Thursday, August 19, 2010

Sunday, 15 August 2010 – Coldfoot to Deadhorse – 245.5 miles

Dear Diary,
Today the Dalton Highway

It tested me on every level I could imagine – my patience, people skills, riding skills, faith in other users of the road. It tested my intestinal fortitude, endurance and my love of riding. And it definitely tested my commitment to complete the ride.

It all started out fine. I had a good night’s rest, ate some fruit and granola and enjoyed another sunny morning. I saw Indian Steve at one of the construction zones (of which there were many!) We talked for a few minutes before his radio crackled “All Clear”. He said there would be a few whoop-dee-dos after the construction zone and that I should be careful. I told him I would and proceeded through Atigun Pass and crossed the Continental Divide.
This photo was taken near the crest of the pass.

There were indeed whoop-dee-dos. And roller coaster-ish hills and steep grades and gravel and mud and more.

The next construction delay took about 30 minutes. The one after that was about an hour. And there were more. I stopped counting after 6. At one, the female flagger said "That's a cute moped." "Thanks," said I, "but it's a scooter."
she - I see a moped.
me - A moped has pedals. It's a Vespa scooter.
she - Well, alright. (like she doesn't really believe me)
I avoid further conversation by getting off and walking around a bit. The pilot car comes about 15 minutes later and as I'm riding off she says, "Have fun on your moped." I just waved.

I think it was two stops further down the highway when the flagger (this time a guy) says, "You get pretty good gas mileage on that moped?" I nodded yes and wondered if he's talked with the other flagger. "Where are you from?" he asked. "San Diego, California." "So how much did it cost you in gas to get here? About 50 bucks?" I nodded again and said, "Something like that."
I give up. I don't want to talk to these guys anymore. I walked around a bit and took photos to avoid answering any more questions.

The road got progressively worse. My confidence was being erroded. The scooter was being bounced around to the point where the front rack came off. The tire and yellow fuel bladder were still bungeed to it as the rack bounced up, unhooked itself from the legshield, ricochet off the front tire and landed in the middle of the road.

I was riding toward the right-hand side of the road when the rack came off. I didn't have time (or quick enough reflexes) to avoid going into the rock-filled ditch. I was uninjured but still unable to lift, drag or ride the scooter back onto the road. I tried to flag down the next 3 vehicles - all Alyska pick-up trucks driven by able-bodied men, all looking at me waving at them, all of them seeing a scooter in a ditch, none of whom stopped. I would have thought these local boys had more compassion for visitors. I waved at the next three vehicles, two campers and a pick-up. The campers keep going, the pick-up stops. Thank God! Two young men, hunters from Maryland, came to my rescue. While they lifted the scooter back onto the road, I picked up the rack and scoured the road for pieces of the rack to reattach it. I found most of the parts, except the rubber bumper that supports the bottom. The boys from Maryland used duct tape to fashion a replacement.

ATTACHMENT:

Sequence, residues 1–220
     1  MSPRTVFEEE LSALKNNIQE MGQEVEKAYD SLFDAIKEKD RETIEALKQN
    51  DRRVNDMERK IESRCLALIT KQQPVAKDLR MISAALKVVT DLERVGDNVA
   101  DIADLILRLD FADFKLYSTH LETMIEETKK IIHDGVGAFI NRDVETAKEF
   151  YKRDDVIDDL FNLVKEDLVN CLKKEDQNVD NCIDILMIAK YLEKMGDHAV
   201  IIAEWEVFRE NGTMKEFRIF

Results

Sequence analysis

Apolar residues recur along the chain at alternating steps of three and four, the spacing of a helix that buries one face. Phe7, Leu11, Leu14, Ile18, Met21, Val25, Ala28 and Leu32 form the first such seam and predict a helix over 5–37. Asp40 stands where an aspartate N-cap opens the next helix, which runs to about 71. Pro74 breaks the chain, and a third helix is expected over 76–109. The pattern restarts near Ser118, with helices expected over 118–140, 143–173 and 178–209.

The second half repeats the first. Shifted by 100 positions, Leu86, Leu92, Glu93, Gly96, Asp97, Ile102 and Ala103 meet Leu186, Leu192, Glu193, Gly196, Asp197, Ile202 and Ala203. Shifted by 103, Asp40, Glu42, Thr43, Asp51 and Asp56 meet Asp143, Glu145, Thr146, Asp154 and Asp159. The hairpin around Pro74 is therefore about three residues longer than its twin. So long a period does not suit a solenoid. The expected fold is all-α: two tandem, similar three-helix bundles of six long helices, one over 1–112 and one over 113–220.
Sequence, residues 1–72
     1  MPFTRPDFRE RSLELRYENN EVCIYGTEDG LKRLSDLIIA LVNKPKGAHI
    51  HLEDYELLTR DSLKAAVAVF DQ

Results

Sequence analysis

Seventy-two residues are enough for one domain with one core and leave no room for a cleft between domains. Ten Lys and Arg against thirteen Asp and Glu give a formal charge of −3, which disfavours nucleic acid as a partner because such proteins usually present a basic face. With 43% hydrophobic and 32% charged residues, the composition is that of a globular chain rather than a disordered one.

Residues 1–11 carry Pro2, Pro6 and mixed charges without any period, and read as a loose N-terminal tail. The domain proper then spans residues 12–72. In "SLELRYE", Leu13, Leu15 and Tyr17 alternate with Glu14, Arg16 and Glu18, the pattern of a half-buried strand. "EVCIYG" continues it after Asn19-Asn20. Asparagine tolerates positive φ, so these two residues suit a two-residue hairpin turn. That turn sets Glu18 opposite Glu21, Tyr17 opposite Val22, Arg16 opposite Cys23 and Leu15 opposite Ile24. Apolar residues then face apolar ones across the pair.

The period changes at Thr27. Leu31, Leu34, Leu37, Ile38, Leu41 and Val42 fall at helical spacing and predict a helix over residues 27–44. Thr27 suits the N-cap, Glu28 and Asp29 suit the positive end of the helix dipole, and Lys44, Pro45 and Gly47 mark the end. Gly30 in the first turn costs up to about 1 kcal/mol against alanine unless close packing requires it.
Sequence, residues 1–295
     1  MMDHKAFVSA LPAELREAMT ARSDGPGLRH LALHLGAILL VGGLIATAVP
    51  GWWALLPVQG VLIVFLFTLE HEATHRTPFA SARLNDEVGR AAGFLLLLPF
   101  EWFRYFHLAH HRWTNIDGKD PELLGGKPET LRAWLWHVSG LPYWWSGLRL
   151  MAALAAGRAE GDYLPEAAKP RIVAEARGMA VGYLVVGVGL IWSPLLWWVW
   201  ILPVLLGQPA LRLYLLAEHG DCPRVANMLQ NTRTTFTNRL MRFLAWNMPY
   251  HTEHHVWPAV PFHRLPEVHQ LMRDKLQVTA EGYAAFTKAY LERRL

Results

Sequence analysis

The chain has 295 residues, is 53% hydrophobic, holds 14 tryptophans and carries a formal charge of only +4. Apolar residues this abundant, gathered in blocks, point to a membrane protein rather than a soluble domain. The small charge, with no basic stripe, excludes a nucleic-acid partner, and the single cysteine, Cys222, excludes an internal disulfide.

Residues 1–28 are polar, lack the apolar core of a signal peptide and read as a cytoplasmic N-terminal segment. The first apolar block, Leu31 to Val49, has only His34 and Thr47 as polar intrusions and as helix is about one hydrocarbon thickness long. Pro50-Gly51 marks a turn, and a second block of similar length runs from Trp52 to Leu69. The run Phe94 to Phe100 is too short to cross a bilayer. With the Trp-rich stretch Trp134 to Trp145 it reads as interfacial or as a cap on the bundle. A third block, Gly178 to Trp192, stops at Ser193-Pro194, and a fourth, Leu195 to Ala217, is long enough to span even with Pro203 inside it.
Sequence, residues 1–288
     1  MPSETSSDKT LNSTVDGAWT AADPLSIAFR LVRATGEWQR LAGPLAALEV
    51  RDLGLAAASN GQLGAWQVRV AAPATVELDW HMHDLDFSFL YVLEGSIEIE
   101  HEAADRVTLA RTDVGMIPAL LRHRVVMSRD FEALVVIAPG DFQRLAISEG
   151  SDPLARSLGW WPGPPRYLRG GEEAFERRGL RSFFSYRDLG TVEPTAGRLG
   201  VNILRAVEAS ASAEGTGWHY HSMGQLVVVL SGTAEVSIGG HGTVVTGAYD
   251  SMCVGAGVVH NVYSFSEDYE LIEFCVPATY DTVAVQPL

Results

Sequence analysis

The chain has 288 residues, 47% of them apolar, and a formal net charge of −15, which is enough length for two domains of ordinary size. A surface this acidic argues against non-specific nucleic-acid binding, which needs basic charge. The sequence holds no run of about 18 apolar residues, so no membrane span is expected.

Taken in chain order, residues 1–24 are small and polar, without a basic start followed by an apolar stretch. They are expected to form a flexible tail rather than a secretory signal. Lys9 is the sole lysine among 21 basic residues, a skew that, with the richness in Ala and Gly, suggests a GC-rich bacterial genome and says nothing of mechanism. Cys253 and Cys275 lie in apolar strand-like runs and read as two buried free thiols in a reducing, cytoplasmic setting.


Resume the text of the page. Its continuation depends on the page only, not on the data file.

The two campers who passed me earlier had stopped further up the road. It turns out the guys in all three vehicles were together. I thanked them all for stopping and shook hands with the two that actually helped, assuring them that the scooter and I were fine. A little shakey, but fine.

I noticed a small leak in the yellow fuel bladder earlier. Now it was even worse. I poured as much of it into the scooter's tank as I could and hoped it would be enough to carry me the rest of the way to Deadhorse.

By now it was getting windy. Remember that unforgiving afternoon wind that I complained about before? It was back. The parts of the road that had not been watered down were getting dusty. Here you can see wind-whipped rapids.

Finally, after what seemed like many hundreds of miles, there was pavement. I was never so happy to have a semi-potholed, partly gravel-covered road to ride on. And when I saw this sign, I laughed out loud.

I was indeed happy for the 70 or so miles that the pavement existed.
Just to show me who was boss, the highway gave me one more sign.

All right. You win. You are the toughest, baddest road ever.

there's still daylight
I only have 50 miles more to ride
this gravel is nothing compared to what I've been on today.
So, if this is all you've got to throw at me, you will not defeat me.

I stopped to take a picture of the Franklin Bluffs and prove that, while I may be down, I am not out.

I rode slowly all the way to Deadhorse.

I replaced my leaky yellow fuel container with another 1-gallon can from the hardware store. I was amazed it was still open at 10pm. Inside, I found an even smaller post office, which took up a corner of the hardware store. What do you think of this one, Matt?

The clerk did not believe I'd ridden up the Dalton Highway on a scooter. He went outside and took a picture to add me to their wall of fame.

It was nearly midnight when I made camp.

Tonight, I didn't care about the howling wind. Go ahead. Give it all you've got. I won't hear you. I'm exhausted.

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